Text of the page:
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Favorite Gluten Free Christmas Cookies – with Paleo Option

Favorite Gluten Free Christmas Cookies – with Paleo Option

A shortbread cookie classic, perfect for holiday time. These are adorned with sugar sprinkles, but if you find those objectionable, use any preferred frosting or icing, raisins, grated dark chocolate, or cinnamon. For a sugar free frosting, click here.

Favorite Gluten Free Christmas Cookies - with Paleo Option
Print Recipe
Easy and less sugary than most cookies. Coconut sugar is used here, but brown sugar is excellent too, if your family can tolerate it. Makes a couple dozen cookies, more or less depending on how thick you like them. See notes below for organic and dye free sprinkle ideas. For a Paleo version, see substitutions below.
Servings Prep Time
24-36 cookies 40 minutes
Cook Time Passive Time
9-15 minutes 9-15 minutes
Servings Prep Time
24-36 cookies 40 minutes
Cook Time Passive Time
9-15 minutes 9-15 minutes
Favorite Gluten Free Christmas Cookies - with Paleo Option
Print Recipe
Easy and less sugary than most cookies. Coconut sugar is used here, but brown sugar is excellent too, if your family can tolerate it. Makes a couple dozen cookies, more or less depending on how thick you like them. See notes below for organic and dye free sprinkle ideas. For a Paleo version, see substitutions below.
Servings Prep Time
24-36 cookies 40 minutes
Cook Time Passive Time
9-15 minutes 9-15 minutes
Servings Prep Time
24-36 cookies 40 minutes
Cook Time Passive Time
9-15 minutes 9-15 minutes
Ingredients
Servings: cookies
Instructions
  1. Preheat oven to 350. Lightly grease two cookie sheets with coconut oil, and line with parchment paper.
  2. Place butter or ghee (at room temperature, not melted) in a stand mixer and cream until white. This may take a few minutes. Meanwhile, blend the flours, xanthan gum, and salt in a separate bowl and set aside.
  3. When butter is soft and white, add sugar, and continue beating til fluffy, about 5 minutes. Add vanilla, and stir in the dry ingredients. Keep mixing til you have a soft cookie dough.
  4. Lightly dust a counter top with GF (white rice flour will work better than brown rice) or Paleo flour (tapioca or manioc will work better than almond flour). Roll the dough out into a round that is 1/3 to 1/2 inch thick. If you like a golden glaze finish, brush with egg yolk and coconut milk (or heavy cream). Use cookie cutter rounds or holiday shaped cutters to cut cookies, and place on baking sheet. Dust with your choice of sprinkles, grated chocolate, or cinnamon.
  5. Roll leftover pieces out again, and repeat the process of cutting cookies, placing on sheet, and sprinkling with whatever you like. After cookies are on sheets, you can set raisins in each cookie if preferred.
  6. Bake for 9-18 minutes, depending on thickness. Don't over bake. Edges will be light golden brown. Transfer to cooling rack. Once cooled, you may frost the cookies if you like.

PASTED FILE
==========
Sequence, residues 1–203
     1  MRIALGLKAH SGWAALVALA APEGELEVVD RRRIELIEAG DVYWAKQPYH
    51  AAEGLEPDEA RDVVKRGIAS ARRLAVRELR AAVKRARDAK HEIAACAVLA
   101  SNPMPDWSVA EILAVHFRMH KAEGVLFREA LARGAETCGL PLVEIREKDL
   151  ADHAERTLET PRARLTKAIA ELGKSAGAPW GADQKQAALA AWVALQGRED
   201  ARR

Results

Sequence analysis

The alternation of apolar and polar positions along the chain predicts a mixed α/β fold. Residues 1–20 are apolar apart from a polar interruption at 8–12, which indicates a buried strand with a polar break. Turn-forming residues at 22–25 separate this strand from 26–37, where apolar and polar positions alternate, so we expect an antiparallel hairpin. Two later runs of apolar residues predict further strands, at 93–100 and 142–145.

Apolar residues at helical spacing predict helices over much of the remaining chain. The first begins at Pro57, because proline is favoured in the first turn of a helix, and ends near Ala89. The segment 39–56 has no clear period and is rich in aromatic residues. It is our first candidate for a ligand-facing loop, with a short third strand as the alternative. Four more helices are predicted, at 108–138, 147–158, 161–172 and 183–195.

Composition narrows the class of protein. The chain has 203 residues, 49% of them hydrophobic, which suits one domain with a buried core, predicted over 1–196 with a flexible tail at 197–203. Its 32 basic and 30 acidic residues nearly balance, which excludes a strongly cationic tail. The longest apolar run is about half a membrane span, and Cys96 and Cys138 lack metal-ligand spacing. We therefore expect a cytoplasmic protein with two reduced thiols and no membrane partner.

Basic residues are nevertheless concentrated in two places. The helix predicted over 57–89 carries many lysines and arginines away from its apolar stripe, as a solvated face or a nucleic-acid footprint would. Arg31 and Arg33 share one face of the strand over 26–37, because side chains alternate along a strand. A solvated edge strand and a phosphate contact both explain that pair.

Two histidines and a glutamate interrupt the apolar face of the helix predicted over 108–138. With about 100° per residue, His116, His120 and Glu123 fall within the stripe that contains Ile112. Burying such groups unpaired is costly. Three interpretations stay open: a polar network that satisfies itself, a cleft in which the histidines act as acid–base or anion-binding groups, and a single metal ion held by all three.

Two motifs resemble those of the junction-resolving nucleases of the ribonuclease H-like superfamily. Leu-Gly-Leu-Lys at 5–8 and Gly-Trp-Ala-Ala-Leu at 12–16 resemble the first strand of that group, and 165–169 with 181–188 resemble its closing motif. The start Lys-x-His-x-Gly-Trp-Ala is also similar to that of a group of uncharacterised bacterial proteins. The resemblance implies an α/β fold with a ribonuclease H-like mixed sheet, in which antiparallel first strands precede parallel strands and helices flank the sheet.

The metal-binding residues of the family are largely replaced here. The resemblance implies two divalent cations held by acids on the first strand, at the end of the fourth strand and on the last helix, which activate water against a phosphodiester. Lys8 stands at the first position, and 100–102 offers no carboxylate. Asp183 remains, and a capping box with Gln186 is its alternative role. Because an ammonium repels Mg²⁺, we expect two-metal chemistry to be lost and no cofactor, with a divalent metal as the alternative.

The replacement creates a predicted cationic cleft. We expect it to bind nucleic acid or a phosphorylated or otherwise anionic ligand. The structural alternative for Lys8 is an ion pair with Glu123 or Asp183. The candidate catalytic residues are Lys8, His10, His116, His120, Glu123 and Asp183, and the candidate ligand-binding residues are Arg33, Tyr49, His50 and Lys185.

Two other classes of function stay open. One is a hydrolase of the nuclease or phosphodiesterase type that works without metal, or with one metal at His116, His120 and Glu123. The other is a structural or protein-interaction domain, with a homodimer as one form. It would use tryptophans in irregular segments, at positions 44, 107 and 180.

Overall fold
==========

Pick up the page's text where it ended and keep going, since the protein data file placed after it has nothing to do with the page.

Recipe Notes

Sprinkles are available dye free, organic, or plain old artificial everything - use what works in your house. If kids can tolerate these, an occasional exposure is something to let them enjoy and celebrate with friends and family!

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Honey Brownie Cake

Honey Brownie Cake

Can’t eat cane sugar, coconut sugar, or any granulated sugar? Or gluten? Or dairy? Need a chocolate cake? Try this recipe, sweetened with honey and applesauce. The result is a moist, dense, chocolatey intersection between brownies and cake.

Honey Brownie Cake
Print Recipe
Cake? Brownies? You decide.
Servings Prep Time
9-12 servings 20 minutes
Cook Time
35 minutes
Servings Prep Time
9-12 servings 20 minutes
Cook Time
35 minutes
Honey Brownie Cake
Print Recipe
Cake? Brownies? You decide.
Servings Prep Time
9-12 servings 20 minutes
Cook Time
35 minutes
Servings Prep Time
9-12 servings 20 minutes
Cook Time
35 minutes
Ingredients
Servings: servings
Instructions
  1. Preheat oven to 350. Grease a 9 x 9" baking pan on bottom and sides with coconut oil, and dust lightly with cocoa powder.
  2. In a small bowl, blend flour and xanthan gum and set aside.
  3. In a mixer, beat 2 eggs, honey, and salt until thick and uniform.
  4. Add coconut oil (preferably soft but not liquid), vanilla, applesauce, and stevia to the honey mixture and blend well.
  5. Add cocoa powder and stir until evenly blended, then stir in GF flour blend.
  6. Separate whites from 3 eggs. Blend the whites to soft peaks in a separate bowl. You don't need the yolks for this recipe. Store them in refrigerator for another purpose, and use with 48 hours.
  7. Fold egg whites gently into the rest of the batter until evenly mixed; stir as little as possible to blend these in.
  8. Bake at 350 x 35 minutes or until knife in center comes out clean. Serve warm with coconut whipped cream, fresh raspberries, or cherry-raspberry sauce. No frosting needed!
Recipe Notes

This recipe emphasizes the flavor of dark cocoa over the sweet. Adjust it to your taste by increasing stevia; for a sweeter version, try 1/4 teaspoon of SweetLeaf Organic Stevia Powder if you prefer. For serving with coconut whipped cream, try this recipe - though I like it with much less stevia (5 drops instead of 25 drops). This Cherry-Raspberry sauce is also delightful with Honey Brownie Cake. For a Paleo-friendly version of this recipe, substitute 1/2 cup coconut flour and 1/2 cup almond flour for the GF flour blend.

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Banana Bread, Gluten Free with Coconut Sugar

Banana Bread, Gluten Free with Coconut Sugar

I’ve been getting requests lately for a not-so-sugary treat that kids can pack to school. This banana bread recipe, adapted from Rebecca Reilly’s book Gluten Free Baking, fills the bill.

If you know this book, you know it is definitely not Paleo, and that it’s full of delicious recipes from sweet (like, molten chocolate cakes that are grain free) to savory (salmon quiche) – all gluten free.

I love this book. My copy is very well worn! When my son was little, there were precious few gluten free products on store shelves, and they pretty much all tasted really, really terrible. This book helped me bake anything for any occasion. He was no longer left out of holidays, birthdays, or gatherings because of gluten intolerance. But, sugar is still not his friend, and this is true for virtually all the kids in my pediatric nutrition practice. Still, kids need to be kids and enjoy treats that work for them once in a while. This recipe works well with coconut sugar instead of cane sugar. Using very ripe bananas enhances both digestibility and sweetness, so save those black and bruised bananas for this – don’t use firm bananas here.